As we've seen elsewhere (as in California), AT&T worked with ALEC to push this through - though Rep Beckett (R-Bruce) doesn't think AT&T will raise its rates or abandon parts of the state. Time will tell - but Beckett won't be the one to suffer when the inevitable occurs. Thanks to AT&T and ALEC, he already got his.

Posted April 24, 2012 by christopher

In most states, telephone companies are required to serve everyone and when there are problems with the service, the state can mandate that the company fix them. But AT&T and ALEC are leading the charge to let these massive companies decide for themselves who should have access to a telephone, taking state regulators out of the loop.

These big companies use several arguments we are well familiar with - that mobile wireless is already available (in many rural areas, it actually is not available) and there is plenty of competition. If only that were the case.

I was thrilled to see David Cay Johnston cover this in a column on Reuters:

AT&T and Verizon, the dominant telephone companies, want to end their 99-year-old universal service obligation known as "provider of last resort." They say universal landline service is a costly and unfair anachronism that is no longer justified because of a competitive market for voice services.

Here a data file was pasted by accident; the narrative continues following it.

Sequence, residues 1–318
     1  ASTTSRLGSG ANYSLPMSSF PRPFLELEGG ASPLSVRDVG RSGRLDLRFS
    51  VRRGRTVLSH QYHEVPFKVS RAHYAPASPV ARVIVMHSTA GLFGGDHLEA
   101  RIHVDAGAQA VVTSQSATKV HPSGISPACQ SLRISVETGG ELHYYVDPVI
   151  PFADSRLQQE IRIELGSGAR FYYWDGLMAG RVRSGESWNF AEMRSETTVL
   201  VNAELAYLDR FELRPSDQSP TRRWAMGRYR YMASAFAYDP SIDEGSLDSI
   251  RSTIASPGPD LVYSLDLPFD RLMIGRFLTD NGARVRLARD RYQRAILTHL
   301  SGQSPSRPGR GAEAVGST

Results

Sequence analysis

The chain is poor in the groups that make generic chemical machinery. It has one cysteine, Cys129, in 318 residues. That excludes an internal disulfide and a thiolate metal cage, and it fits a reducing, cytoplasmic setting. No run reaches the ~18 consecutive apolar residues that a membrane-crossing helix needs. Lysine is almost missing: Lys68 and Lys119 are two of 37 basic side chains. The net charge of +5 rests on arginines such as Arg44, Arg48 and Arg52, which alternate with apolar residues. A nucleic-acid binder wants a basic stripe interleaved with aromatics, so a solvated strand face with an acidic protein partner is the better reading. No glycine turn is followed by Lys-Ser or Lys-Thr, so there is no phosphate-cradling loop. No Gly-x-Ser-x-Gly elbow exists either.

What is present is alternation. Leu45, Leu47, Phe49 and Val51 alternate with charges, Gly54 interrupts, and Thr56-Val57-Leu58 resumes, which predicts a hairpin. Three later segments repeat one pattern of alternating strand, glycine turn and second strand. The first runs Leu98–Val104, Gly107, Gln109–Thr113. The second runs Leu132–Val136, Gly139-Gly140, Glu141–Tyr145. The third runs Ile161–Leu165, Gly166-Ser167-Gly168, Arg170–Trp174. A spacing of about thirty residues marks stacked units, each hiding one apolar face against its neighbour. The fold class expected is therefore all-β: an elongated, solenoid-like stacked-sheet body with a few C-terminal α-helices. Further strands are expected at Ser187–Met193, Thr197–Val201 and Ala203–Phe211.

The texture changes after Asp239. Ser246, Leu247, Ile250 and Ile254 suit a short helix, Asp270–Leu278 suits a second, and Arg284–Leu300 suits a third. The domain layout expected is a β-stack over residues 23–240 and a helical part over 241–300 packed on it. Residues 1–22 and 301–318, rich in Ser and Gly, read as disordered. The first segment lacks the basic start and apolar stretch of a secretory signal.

The new rules AT&T and Verizon drafted would enhance profits by letting them serve only the customers they want. Their focus, and that of smaller phone companies that have the same universal service obligation, is on well-populated areas where people can afford profitable packages that combine telephone, Internet and cable television.

What happens when the states hand over authority to these companies? David has an answer:

AT&T and Verizon also want to end state authority to resolve customer complaints, saying the market will punish bad behavior. Tell that to Stefanie Brand.

Brand is New Jersey's ratepayer advocate whose experience trying to get another kind of service - FiOS - demonstrates what happens when market forces are left to punish behavior, she said. Residents of her apartment building wanted to get wired for the fiber optic service (FiOS) in 2008. Residents said, "We want to see your plans before you start drilling holes, and Verizon said, 'We will drill where we want or else, so we're walking,' and they did," Brand told me.

Verizon confirmed that because of the disagreement Brand's building is not wired. And there's nothing Brand can do about it. Verizon reminded me the state Board of Public Utilities no longer has authority to resolve complaints over FiOS.

Better broadband is not just about...

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Posted January 10, 2012 by christopher

The Minnesota Public Utilities Commission is hosting an informational meeting on Thursday, January 12, at 1:00. For those who cannot make it in person, it will be webcast here.

The PDF announcement is here.